EOD: Service before self

  • Published
  • By Airman 1st Class Malcolm Mayfield
  • 90th Missile Wing Public Affairs
The 90th Civil Engineering Squadron provides base support by maintaining Warren's facilities. There are many branches of the squadron; one is the explosive ordnance disposal team.

EOD personnel undergo rigorous training at the Explosive Ordnance Disposal Detachment, at the Naval School, on Eglin Air Force Base, Florida, which conducts all the Department of Defense's basic EOD training.

"On this base, we are in charge of emergency response operations for all explosive tools, items and the safing of nuclear weapons," said Senior Airman Weston Cobb, 90th CES EOD operations.

The primary mission of EOD on Warren is base support, which involves disarming and handling ordnance.

"There are always explosives and explosive hazards around and there needs to be someone with the technical expertise to know how the item works to keep everyone around it safe," said Senior Airman Brian Vosper, EOD equipment custodian.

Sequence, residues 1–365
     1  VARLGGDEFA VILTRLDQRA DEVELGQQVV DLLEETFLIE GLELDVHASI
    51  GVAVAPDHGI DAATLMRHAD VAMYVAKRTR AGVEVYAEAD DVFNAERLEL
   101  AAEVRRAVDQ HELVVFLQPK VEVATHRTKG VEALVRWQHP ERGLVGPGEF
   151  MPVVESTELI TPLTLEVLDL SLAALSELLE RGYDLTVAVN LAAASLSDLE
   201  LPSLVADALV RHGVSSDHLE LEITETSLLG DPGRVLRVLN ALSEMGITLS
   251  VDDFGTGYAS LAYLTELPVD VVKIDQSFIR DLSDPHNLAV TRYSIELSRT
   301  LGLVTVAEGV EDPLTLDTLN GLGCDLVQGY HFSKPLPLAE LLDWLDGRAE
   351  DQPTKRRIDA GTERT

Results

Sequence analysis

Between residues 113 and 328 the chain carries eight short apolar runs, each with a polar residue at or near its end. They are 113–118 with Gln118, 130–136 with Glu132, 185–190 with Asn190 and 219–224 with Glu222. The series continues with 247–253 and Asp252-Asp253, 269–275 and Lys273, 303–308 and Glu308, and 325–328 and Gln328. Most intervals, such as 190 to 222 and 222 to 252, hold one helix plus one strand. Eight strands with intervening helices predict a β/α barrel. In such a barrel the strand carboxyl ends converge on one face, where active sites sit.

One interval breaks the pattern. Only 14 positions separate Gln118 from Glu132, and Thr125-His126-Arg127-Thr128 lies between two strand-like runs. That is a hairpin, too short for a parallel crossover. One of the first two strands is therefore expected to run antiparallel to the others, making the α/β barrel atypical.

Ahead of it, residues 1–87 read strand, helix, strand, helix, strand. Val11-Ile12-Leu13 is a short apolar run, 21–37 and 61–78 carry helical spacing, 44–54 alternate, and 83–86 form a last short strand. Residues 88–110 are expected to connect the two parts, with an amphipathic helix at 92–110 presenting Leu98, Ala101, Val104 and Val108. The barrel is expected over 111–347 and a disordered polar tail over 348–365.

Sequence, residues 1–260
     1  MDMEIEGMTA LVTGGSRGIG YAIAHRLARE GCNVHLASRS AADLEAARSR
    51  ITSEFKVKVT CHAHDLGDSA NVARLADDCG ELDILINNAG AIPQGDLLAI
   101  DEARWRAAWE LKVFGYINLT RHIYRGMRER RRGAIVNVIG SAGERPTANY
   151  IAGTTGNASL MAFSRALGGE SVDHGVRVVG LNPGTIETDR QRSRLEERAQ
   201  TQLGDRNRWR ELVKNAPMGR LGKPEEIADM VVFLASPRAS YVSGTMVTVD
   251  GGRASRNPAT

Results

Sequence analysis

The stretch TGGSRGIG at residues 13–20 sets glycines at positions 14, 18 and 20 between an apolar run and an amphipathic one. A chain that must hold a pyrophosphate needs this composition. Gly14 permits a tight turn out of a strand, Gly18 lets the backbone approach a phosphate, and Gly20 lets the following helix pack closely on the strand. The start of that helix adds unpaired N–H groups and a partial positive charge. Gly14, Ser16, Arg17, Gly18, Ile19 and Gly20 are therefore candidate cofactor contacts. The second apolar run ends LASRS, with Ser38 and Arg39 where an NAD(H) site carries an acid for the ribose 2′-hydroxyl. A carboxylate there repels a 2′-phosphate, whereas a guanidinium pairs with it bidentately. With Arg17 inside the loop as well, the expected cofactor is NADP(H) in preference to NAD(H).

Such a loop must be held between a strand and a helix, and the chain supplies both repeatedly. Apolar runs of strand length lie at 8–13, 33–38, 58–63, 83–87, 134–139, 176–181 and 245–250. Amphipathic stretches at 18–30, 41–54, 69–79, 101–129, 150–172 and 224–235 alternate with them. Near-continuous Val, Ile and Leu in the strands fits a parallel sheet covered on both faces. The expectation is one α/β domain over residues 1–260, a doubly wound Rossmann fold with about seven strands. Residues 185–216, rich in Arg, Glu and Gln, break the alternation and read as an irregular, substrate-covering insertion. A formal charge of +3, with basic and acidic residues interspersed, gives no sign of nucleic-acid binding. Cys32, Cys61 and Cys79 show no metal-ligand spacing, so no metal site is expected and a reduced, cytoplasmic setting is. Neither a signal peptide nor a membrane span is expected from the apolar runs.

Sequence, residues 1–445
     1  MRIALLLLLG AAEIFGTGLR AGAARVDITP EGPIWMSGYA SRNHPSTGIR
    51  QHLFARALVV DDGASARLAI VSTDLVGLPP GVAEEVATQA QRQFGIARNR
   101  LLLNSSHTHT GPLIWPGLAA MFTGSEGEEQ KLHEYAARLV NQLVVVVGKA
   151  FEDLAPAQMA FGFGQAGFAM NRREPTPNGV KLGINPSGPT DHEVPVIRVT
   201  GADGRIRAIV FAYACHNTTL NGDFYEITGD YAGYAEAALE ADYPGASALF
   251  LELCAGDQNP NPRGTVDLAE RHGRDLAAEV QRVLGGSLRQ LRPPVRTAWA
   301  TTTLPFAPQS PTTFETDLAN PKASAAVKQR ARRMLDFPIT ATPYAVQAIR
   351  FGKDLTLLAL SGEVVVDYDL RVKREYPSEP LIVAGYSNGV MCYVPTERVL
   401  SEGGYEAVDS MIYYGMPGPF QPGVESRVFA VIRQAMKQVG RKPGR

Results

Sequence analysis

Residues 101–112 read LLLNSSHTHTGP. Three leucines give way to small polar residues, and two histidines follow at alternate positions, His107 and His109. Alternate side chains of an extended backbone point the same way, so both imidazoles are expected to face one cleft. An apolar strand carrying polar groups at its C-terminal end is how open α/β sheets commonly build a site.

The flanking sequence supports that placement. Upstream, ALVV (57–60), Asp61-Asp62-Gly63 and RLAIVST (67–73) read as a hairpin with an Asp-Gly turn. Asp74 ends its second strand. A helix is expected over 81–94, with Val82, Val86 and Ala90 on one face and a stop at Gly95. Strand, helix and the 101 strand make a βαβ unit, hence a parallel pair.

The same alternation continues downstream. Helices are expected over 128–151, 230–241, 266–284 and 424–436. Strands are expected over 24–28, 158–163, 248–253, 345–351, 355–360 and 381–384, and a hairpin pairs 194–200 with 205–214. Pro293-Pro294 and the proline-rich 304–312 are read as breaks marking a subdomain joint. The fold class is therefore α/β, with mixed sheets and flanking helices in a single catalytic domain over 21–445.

Unlike most military bases, Warren is a part of a unique enterprise that leads to duties outside of normal procedures.

"This is my eighth base and the overall EOD mission is pretty much the same everywhere," said Senior Master Sgt. Donald Deming, EOD superintendent. "The nuclear mission is the real big difference at F.E. Warren, and it is the first time I have been assigned to a base in [Global Strike Command].  It has been really interesting learning the unique aspects of this mission set."

The EOD team trains constantly to keep the base populous, and those in the surrounding area, safe.

"Constantly learning is like a fire hose of information every day, especially when we're in training," Vosper said. "It's always new things and different every day, it's challenging and that's why I like it."

A huge chunk of the EOD personnel's time is spent on training; however, they also dedicate a lot of their time to the community.

"I like the relationship that the base has with the local community," Deming said. "It is nice to have a community that is so behind their military partners."

Volunteering is normal for those in the unit. The team gives back to the community, from working with the local boy scouts to cleaning up the highway.

"We try to go out as much as we can whenever we're free," Cobb said. "It's pretty much whoever is free. At least two or three times a month we'll do something and that'll be a good handful of people who goes."

The EOD team is an example of Airmen fulfilling the Air Force core value of service before self by looking out for the base community while giving back to the local community.

"I would never be a part of any other career field; EOD is a close knit family," Deming said. "I am honored to be a part of such a tight brotherhood and will always be around my fellow EOD warriors."